Tell us about your
most recent book and how you came to write/illustrate it.
My latest MG novel The
Haunting of Falcon House is set in the city I was born and raised in, St.
Petersburg, Russia. The story takes place at the closure of the 19th century
within a few years after Russian
slavery, or rather serfdom, was abolished in 1861. On the surface, the book has
all of the tropes of the classic, gothic ghost story, but below the surface,
the narrative—as in all of my MG novels—is about a personal choice one must make
on the issue of equality and freedom for all.
I write children’s
books because I believe they’re the books that change people’s lives.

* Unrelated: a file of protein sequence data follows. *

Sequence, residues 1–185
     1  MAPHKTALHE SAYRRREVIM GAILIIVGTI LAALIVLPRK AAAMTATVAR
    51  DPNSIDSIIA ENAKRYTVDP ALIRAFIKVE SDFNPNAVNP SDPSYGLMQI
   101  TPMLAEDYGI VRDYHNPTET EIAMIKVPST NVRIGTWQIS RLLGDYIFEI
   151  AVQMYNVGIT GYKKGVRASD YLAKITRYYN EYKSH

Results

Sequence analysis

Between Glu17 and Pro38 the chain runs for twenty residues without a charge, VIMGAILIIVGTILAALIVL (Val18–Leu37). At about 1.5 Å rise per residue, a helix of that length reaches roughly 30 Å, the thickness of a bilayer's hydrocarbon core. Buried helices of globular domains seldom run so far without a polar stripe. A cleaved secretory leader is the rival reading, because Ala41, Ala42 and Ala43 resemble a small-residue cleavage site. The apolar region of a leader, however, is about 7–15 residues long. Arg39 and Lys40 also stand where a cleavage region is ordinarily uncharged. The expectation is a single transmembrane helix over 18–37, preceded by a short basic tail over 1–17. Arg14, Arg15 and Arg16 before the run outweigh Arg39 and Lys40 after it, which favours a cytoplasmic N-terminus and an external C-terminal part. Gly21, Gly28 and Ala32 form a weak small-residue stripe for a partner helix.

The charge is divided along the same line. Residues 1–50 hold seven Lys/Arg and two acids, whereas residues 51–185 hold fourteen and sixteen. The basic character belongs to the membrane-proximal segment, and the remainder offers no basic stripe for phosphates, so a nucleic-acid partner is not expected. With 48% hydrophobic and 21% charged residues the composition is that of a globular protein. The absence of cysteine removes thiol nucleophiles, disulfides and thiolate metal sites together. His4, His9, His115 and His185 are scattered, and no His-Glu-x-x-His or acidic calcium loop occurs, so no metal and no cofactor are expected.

My favorite book as a child
was Watership Down by Richard Adams. I
re-read it as an adult, trying to understand why I’d loved it so much. More
than a thrilling adventure story about rabbits, I saw it was a story about the
big questions of human life: Who are we? Where do we come from? Where do we
belong? How should we live?
I think that’s why it
meant so much to me. My family’s roots are in the Middle East. My ancestors were Iraqi, Egyptian, Kurdish,
and Circassian Muslims. I grew up in Britain in the 1970s, where such origins
were unusual. Negotiations around identity, difference and belonging were daily
facts of my life. Even my name was an issue.
Sabah Falah Said is an ordinary Arabic name, but unpronounceable in
English! Whenever it came up, people
would question it to such an extent that I ended up using initials.